Friday, October 19 • 1:25pm - 1:45pm
The Space-based Kill Assessment Program: Space-based Missile Defense, Militarized Outer Space and its Terrestrial Implications

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* The sneak peek of the animated presentation can be viewed here (Its full copy available upon request).

In 2014, the US Missile Defense Agency (MDA), a section of the US Department of Defense (DoD), ambitiously launched its Space-based Kill Assessment (SKA) project in an effort to reinforce the American missile defense capabilities, such as the Ballistic Missile Defense System (BMDS), by 2020. The SKA sensors – an important component of the system to create a more robust communications network for more strategic interception of incoming threats – are expected to be on orbit in 2018, tested and fielded in the consecutive years. It is also noteworthy that these sensors will be piggy-backed on commercial satellites mainly for the cost savings benefits. This reportedly first partnership of the MDA with commercial stakeholders for its space applications evokes the on-going debate over the dual-use objects as a potential aid to space weapons, in addition to the implications of the ‘Military-Industrial Complex’ (MIC) associated with the US military.

While some governments, such as that of the US, insist on the self-defense and security purposes in its march towards outer space for military interests, like the justification of experimenting the US’ SKA sensor network, such military-oriented space policies have critically been assessed because they would eventually result in compromising the peaceful uses of outer space, as stipulated in the Outer Space Treaty (1967), by adding new tensions and sources of conflicts. A dilemma between the national security needs and the benefit of global cooperation never seems to end. Though, given the winds of war still blowing in our world, the current global paradigm calls for individual State’s voluntary dedication to the prevention of armed conflicts.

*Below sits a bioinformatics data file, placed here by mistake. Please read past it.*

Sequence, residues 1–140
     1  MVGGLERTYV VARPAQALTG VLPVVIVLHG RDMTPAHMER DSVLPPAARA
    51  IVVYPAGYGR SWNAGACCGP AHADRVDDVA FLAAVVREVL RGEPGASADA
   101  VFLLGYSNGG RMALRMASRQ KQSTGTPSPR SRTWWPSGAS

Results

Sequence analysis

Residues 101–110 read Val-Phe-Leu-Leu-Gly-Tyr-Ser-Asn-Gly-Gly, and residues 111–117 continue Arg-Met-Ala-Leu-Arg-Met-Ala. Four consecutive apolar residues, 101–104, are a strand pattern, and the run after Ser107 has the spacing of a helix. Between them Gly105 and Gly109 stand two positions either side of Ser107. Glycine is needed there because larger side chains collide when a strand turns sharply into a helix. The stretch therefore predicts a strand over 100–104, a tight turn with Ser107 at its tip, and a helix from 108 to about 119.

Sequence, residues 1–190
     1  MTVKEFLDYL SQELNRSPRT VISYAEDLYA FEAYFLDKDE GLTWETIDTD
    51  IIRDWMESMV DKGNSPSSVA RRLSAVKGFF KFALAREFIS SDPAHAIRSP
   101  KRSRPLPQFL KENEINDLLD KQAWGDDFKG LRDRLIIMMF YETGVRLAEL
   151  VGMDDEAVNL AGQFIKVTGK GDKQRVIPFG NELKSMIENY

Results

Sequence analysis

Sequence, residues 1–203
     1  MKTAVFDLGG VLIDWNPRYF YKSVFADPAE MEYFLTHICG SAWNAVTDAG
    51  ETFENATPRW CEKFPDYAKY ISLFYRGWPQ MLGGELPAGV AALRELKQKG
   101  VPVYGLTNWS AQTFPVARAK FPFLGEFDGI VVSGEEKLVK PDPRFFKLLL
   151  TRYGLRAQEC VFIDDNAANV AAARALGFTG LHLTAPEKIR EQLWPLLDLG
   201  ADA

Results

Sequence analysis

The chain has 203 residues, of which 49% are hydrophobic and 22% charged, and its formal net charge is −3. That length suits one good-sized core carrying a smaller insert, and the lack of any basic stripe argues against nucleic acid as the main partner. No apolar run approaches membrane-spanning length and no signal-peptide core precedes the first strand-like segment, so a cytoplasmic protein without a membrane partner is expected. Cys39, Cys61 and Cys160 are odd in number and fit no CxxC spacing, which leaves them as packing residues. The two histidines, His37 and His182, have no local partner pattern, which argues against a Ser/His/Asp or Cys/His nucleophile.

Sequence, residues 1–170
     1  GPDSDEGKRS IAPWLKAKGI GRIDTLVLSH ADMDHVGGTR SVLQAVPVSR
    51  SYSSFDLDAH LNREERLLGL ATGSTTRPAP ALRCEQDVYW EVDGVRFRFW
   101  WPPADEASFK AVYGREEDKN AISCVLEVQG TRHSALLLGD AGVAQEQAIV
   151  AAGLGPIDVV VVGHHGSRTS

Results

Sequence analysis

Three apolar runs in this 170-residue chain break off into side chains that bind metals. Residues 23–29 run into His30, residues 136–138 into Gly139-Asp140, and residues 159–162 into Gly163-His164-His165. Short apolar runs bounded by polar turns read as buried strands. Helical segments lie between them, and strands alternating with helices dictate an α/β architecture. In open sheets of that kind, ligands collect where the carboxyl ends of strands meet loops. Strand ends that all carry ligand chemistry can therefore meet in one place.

By and large, outer space is perceived as a field of adventure and unlimited possibilities; e.g., the mine of untouched natural resources and the next destination for civilization. And yet, it has also been serving as an excellent high ground from which to gain a military advantage since the inception of the Space Age, which may well generate some destructive outcomes contrary to such life-giving potentials publicly anticipated from 'space.' Thus, this presentation intends not only to discuss primarily how the US Space Program – as part of its national defense policy – is in conformity with an international effort to ‘harmoniously’ enhance global space security, but more importantly, to emphasize that now may be the time to reflect on the weight of our terrestrial decisions – government and industry alike – extending to the extraterrestrial forum. So, we may hopefully find a way to "bring space down to earth" truly for more sustainable human future, and ultimately, for the greater good of all people.

avatar for Julianne Oh

Julianne Oh

Doctoral Candidate, Royal Military College of Canada (RMC)
Julianne Oh is currently a doctoral candidate at the Royal Military College of Canada (War Studies Program). She is also an alumna of McGill University; i.e., in addition to her LL.M. (Master of Laws) received from its Institute of Air and Space Law, she completed, in 2016, the Integrated... Read More →

Friday October 19, 2018 1:25pm - 1:45pm EDT
Room AB Concordia Conference Center, MB Building 9th floor, 1450 Guy St, Montreal, QC H3H 0A1